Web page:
CSIC - Instituto de la Grasa
CSIC - Instituto de la Grasa
Cayuela J.A.,CSIC - Instituto de la Grasa |
Weiland C.,University of Huelva
Postharvest Biology and Technology | Year: 2010
Two commercial portable spectrometers were compared for orange quality non-destructive predictions by developing partial least squares calibration models, reflectance mode spectra acquisition being used in both. One of them was a Vis/NIR spectrometer in which the radiation reflected by the fruit is collected and conducted by optic fiber to the three detectors (350-2500nm) of the instrument. The other is an AOTF-NIR with a reflectance post-dispersive optical configuration and InGaAs (1100-2300. nm) detector. Four orange varieties were included in calibrations. The parameters studied were soluble solids content, acidity, titratable acidity, maturity index, flesh firmness, juice volume, fruit weight, rind weight, juice volume to fruit weight ratio, fruit colour index and juice colour index. The results indicate good performance of the predictive models, particularly for the direct NIR prediction of soluble solids content, and maturity index, the prediction of this last parameter being notable for its relevance and novelty. The RPD ratios for these parameters were in the range from 1.67 to 2.21 with the Labspec spectrometer, which showed better predictive performance, and from 1.03 to 2.33 with the Luminar instrument. © 2010 Elsevier B.V.
Garcia-Gonzalez D.L.,CSIC - Instituto de la Grasa |
Aparicio R.,CSIC - Instituto de la Grasa
Journal of Agricultural and Food Chemistry | Year: 2010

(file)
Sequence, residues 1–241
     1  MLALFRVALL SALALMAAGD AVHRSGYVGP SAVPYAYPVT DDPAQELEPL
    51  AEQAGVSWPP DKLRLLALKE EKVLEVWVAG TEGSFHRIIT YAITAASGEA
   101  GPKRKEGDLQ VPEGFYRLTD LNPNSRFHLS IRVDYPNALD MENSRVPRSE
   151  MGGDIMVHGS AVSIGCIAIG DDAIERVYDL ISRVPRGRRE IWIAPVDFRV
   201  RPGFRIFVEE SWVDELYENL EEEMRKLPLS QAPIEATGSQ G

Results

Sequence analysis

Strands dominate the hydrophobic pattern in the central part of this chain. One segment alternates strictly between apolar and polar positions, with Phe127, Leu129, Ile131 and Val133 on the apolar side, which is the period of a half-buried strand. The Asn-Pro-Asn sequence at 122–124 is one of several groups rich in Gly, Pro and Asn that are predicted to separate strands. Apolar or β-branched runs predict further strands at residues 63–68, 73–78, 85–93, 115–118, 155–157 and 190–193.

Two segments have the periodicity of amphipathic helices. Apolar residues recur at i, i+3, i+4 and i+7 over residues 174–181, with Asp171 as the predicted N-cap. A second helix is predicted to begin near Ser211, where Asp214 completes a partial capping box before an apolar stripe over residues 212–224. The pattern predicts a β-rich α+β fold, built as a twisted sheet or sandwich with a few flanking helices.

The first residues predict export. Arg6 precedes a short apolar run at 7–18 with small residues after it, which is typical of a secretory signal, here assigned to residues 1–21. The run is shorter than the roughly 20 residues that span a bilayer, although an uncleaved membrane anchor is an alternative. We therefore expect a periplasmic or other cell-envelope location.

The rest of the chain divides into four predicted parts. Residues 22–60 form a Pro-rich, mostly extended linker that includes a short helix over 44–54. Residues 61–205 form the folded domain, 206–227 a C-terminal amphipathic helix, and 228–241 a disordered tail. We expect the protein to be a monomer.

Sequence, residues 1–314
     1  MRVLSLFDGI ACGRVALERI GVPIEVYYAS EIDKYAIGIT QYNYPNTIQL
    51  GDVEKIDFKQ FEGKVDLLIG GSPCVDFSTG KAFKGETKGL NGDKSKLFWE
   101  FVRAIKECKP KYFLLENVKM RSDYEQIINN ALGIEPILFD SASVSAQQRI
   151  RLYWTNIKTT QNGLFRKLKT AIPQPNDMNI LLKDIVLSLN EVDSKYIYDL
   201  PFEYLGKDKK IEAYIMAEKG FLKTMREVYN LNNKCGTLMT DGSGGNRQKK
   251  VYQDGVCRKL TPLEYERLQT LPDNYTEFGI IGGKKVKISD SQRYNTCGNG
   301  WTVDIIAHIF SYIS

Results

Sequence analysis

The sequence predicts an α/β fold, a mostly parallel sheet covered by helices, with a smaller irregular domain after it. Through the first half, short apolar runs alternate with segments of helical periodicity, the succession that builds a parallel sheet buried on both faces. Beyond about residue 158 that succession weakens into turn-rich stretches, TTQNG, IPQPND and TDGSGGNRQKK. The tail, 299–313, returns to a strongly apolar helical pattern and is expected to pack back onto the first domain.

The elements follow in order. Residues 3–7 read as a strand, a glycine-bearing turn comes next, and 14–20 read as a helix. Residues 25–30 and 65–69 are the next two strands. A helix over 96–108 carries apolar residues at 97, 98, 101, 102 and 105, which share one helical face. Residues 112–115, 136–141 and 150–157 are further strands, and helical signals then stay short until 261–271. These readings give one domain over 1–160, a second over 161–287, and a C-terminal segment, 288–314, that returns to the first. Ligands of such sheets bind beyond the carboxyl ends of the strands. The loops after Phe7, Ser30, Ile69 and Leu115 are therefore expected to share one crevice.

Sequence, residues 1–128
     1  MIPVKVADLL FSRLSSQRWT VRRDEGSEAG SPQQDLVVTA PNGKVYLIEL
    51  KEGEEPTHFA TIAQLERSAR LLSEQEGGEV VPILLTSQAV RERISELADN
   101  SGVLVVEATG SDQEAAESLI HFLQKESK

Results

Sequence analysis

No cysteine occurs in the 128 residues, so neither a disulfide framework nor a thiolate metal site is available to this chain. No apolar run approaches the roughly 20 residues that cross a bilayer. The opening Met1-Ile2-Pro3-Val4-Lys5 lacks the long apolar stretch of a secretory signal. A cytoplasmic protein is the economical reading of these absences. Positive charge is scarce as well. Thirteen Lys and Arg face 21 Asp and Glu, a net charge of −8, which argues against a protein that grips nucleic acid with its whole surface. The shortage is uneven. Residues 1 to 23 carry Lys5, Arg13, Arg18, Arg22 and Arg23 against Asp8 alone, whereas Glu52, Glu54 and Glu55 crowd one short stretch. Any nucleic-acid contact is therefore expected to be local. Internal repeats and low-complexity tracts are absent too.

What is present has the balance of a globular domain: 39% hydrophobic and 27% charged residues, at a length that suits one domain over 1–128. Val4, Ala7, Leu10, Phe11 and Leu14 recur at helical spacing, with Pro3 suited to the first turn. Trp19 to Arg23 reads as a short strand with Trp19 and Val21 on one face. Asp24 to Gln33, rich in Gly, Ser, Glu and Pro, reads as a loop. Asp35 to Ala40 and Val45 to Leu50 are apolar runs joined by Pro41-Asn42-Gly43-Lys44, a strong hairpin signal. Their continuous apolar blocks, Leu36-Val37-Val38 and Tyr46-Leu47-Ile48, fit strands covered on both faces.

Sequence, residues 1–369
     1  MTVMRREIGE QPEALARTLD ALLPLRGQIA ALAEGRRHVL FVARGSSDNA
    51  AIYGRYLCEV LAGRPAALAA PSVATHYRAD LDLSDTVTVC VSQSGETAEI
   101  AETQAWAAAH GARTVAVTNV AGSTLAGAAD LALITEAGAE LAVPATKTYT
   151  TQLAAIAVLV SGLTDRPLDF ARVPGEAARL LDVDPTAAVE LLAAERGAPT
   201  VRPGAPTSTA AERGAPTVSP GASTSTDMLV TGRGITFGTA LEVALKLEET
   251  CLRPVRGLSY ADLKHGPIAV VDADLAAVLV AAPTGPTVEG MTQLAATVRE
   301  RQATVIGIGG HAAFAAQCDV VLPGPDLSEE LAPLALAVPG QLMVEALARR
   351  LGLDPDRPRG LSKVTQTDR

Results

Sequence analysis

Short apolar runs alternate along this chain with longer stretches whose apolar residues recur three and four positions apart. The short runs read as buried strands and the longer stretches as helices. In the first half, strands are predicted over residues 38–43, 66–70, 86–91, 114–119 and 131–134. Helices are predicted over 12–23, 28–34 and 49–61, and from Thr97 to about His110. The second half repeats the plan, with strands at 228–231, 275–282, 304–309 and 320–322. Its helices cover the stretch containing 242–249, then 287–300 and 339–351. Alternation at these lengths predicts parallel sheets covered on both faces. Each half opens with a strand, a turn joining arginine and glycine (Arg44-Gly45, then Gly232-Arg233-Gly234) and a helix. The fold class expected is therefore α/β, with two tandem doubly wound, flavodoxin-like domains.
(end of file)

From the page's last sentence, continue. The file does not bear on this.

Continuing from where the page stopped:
Olive oil, a traditional food product with thousands of years of history, is continually evolving toward a more competitive global market. Being one of the most studied foods across different disciplines, olive oil still needs intensive research activity to face some vulnerabilities and challenges. This perspective describes some of them and shows a vision of research on olive oil for the near future, bringing together those aspects that are more relevant for better understanding and protection of this edible oil. To accomplish the most urgent challenges, some possible strategies are outlined, taking advantage of the latest analytical advances, considering six areas: (i) olive growing; (ii) processing, byproduct, and environmental issues; (iii) virgin olive oil sensory quality; (iv) purity, authentication, and traceability; (v) health and nutrition; (vi) consumers. The coming research, besides achieving those challenges, would increase the understanding of some aspects that are still the subject of debate and controversy among scientists focused on olive oil. © 2010 American Chemical Society.
Mellado-Ortega E.,CSIC - Instituto de la Grasa |